1930s Gretsch "Artist"
Model 50 or 65

Gretsch released the Model 50 /65 back in 1934. Their catalog that year mentions the instrument’s “hand-cut ‘F’ holes” and provides these tidbits:
 “Six-string Spanish style Orchestra Guitar in Auditorium Special size. Arched top of old seasoned cello spruce, carved and graduated for tone.
 Curly maple sides, arched back, and three-piece, steel-reinforced maple neck, joining the body at the 14th fret.

This is not to be confused with the Artist 150, which is much more elaborate.
Nevertheless, a very rare example of the lesser seen Archtop's of this era
Mine has the tailpiece that I see on the Style 65's

Mine has the Pick guard I see on the Style 35's
 I am not a Gretsch Expert, others feel free to weigh in.

Example of Style 50
Example of  Style 65

This is the first I have seen with the addition of "Artist" on Peg head and Tailpiece

Serial Number 16

 6  string guitar

Carved spruce top
Maple back and sides
Mahogany Neck
Back pulled to get to the repair areas.
Some kerfing was broken out from dryness
All celluloid's were completely Gassed Out.
Repair bent tuner post
Crack in peghead
Celluloid logo lifting
Orig Tailpiece- VG
Orig Pick Guard -VG


I will not be able to find pre made mahogany purfling this large, I already know that.
So I will make up a repair with straight grained mahogany veneer, laminated to the right thickness.

First I will seal all the braces, seal a few cracks on the top.

Pulling the gassed celluloid

Cracks sealed and removing finish
Nice wide grained Spruce.
You can see how tall the binding channels are, this is tall kerfing.

Inside repairs on top and sides completed and interior sealed with Nitro
Time to fix the damaged kerfing

Taking off all the bad spots

I'll smooth that and then add veneer strips.
With veneer I can make the bends easily without kerf''ing it.
The kerf just helps the wood bend easily

You can see I have the height I need to get the binding height correct, and will add layers so I have a "Land" for the back.

4 layers in

6 layers in, 2 to go.
I will take my dremel and shape it to conform to the look of the original and seal it up.
Then get the back on.

All layers in, profiled, ready for the back installation

Back is Maple laminated onto Poplar
All scuffed, ready for glue

Mahogany cleats over the 2 cracks, 1 left to add sealer to.
Pulling frets, ready to radius the fingerboard

I will get this peghead sealed where it is cracked.
  I will hide the repair under the neck fade.

Removing finish

I will do the back glue - up 1 side at a time, so I can push the other side into its old profile without having a fancy jig.

After curing, everything is nice and tight again
I'll clean up the binding channel

Stripping the back
That maple is about .030" veneer, will not take alot of sanding so it will still show a few battle scars even in the re-finish

All stripped, sealer coat applied.

The cracks will be hidden by the new burst

It will take a very tall binding, 5/16 is just enough.
 .060 thickness needed , this .040" is too thin.

Sealing celluloid Logo
"Lipped up"

I use #10 to flow in under the pieceThen I put my zip kick on the wax paper underside, hit it with the wood and burnish it in as tight as I can while glue sets

Now to trim the flashing

After buffing black celluloid peghead to high shine
As good as it will get.

Leveling the hump from the board
Keeping a 9.5" Radius

I'll save that dust for repair work
Nothing goes to waste if I can help it

Center is down, not to finish up

Board oiled, new slots being cut to depth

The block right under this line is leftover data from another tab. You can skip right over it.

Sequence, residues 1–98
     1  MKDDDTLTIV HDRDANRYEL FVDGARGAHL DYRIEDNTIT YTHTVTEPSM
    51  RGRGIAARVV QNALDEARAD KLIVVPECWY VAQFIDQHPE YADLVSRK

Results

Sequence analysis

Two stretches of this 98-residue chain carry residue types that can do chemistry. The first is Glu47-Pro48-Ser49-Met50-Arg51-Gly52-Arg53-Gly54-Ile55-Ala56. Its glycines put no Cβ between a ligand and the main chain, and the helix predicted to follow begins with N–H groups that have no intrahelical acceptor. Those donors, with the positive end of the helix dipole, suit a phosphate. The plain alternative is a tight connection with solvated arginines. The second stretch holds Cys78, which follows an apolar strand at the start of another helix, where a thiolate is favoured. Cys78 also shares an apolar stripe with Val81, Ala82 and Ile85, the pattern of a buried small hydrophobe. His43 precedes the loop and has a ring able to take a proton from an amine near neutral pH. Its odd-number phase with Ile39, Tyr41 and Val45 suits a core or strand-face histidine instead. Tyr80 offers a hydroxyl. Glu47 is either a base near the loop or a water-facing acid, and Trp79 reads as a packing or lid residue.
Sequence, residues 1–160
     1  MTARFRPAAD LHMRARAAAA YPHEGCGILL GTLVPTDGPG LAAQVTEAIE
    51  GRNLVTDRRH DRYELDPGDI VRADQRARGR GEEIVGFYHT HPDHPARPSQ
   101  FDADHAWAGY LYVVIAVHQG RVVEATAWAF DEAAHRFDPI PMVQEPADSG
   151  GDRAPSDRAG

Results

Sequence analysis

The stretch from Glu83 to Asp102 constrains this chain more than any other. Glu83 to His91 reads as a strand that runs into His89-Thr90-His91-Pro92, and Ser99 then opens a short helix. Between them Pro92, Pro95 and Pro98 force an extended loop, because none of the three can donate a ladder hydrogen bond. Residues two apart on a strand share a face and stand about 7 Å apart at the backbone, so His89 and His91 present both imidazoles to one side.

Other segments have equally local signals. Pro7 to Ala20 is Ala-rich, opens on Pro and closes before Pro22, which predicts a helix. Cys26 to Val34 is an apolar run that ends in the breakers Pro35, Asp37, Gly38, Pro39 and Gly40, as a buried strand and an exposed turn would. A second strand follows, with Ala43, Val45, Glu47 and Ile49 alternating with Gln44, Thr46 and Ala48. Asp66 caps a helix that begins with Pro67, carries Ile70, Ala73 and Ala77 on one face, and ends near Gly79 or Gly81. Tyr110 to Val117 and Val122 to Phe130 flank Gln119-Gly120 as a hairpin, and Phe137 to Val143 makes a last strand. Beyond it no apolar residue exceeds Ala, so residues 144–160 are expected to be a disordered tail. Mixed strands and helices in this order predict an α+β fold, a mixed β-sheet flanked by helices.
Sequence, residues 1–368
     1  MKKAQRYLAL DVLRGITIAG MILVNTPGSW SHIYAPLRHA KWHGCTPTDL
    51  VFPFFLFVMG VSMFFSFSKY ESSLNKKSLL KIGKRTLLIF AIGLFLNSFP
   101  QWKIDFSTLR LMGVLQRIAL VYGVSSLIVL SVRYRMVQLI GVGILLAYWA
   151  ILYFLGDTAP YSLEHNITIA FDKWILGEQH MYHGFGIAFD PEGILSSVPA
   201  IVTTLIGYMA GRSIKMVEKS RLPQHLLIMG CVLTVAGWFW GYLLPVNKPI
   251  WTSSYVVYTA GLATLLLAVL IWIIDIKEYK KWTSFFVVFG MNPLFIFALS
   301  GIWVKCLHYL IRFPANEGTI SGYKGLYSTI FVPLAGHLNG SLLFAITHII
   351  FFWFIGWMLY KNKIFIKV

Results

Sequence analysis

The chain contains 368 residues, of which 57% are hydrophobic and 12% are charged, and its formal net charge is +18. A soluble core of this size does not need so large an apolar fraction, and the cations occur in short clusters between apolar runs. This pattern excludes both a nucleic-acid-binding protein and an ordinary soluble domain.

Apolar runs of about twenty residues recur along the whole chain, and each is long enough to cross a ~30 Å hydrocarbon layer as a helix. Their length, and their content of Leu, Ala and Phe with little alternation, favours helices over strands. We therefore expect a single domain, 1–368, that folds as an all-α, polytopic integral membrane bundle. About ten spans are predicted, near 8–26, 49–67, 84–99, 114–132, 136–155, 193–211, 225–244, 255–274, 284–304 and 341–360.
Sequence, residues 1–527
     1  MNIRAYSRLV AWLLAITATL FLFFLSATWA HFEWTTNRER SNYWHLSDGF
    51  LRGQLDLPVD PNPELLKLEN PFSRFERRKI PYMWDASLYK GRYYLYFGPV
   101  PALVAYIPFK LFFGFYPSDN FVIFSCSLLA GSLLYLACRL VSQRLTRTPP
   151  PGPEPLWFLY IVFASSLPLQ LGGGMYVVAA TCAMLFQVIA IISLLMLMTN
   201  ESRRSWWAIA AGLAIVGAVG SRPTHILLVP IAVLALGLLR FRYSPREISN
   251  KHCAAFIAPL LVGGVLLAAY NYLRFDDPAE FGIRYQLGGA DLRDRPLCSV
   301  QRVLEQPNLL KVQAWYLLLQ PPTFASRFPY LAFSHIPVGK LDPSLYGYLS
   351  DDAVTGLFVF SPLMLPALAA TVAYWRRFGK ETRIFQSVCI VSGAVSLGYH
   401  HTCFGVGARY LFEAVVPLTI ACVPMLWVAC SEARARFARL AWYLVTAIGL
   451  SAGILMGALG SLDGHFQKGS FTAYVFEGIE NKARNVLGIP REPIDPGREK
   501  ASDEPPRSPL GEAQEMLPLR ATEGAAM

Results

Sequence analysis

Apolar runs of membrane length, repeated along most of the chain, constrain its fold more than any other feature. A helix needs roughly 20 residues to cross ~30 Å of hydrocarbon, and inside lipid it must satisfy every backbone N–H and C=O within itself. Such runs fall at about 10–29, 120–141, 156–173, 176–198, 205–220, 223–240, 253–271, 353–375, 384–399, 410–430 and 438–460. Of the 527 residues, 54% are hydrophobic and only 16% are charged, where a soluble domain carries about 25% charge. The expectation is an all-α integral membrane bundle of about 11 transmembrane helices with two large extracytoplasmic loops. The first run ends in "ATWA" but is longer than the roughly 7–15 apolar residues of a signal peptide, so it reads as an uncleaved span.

Installing the binding

Coming round the front

Ready to final profile, clean fret slots and fret

Dunlop 6105 wire

Side markers in

Choosing the right caul

Compressing the frets

All completed, ready to radius level, crown, end dress and polish

I will make a new bone nut for it

Just a look-see

Starting on the neck finish, first tint applied, Vintage Amber, white heel cap installed (taped over)

Second tint applied, Medium Brown, now for clear coats to the end

Neck buffed and waxed
Tuners cleaned and oiled, bushings installed. That is the old nut, it will be replaced

Tailpiece buffed and waxed.
Brassed out on logo.

Pick guard cleaned then buffed back to high shine and waxed
Now to special order the extra large binding, when funds allow.


Since no one makes a binding thatsize, I will choose to run a backer binding and then a tall binding, to get both height and thickness.

White on white, with white glue



Now for the other 3 sections

Tint coats
The 3 color tint is applied with a coat of sealer on back and sides
 Sunburst back

I will scrape my bindings and move ahead

A mock up, to give a look where it is headed.

Top colors on and sealed, will clean bindings and start final clear coats.
Weather has cooled again, so heat booth time.

Last top coat complete
Will cure, then buff body and neck

Body and neck mated back together

Since it is an old guitar, I will use ancient weight. during the cure.

Making a bracket for missing pick  guard upper, did not get a final pic.

After a 3 hour glue set, I can move it around a minute, wipe off squeeze out, then back in the clamps.
So I will shoot a few glam shots with parts mounted.
Dom does not like the disruption of  his nap.

I will give it 3 times the normal cure time before string it up, It's cooler weather and I'm in no rush.


It had no bridge but thanks to Mike Soares I had bits and pieces in my drawer to fabricate something to at least get the setup going
Strings are Ernie Ball "Earthwoods" med lite
54 to 12 Bronze wounds


I am using my Dremel rxtension at low speed, to cause vibrations that will accelerate the wood opening back up
I move it from f hole to fhole every 30 min

I will wait a few days then dial in the setup after everything gets used to being at tension, no telling how long this ax had any play time
Initial noting is good, seems to be fretting out very well for just the first tune-up.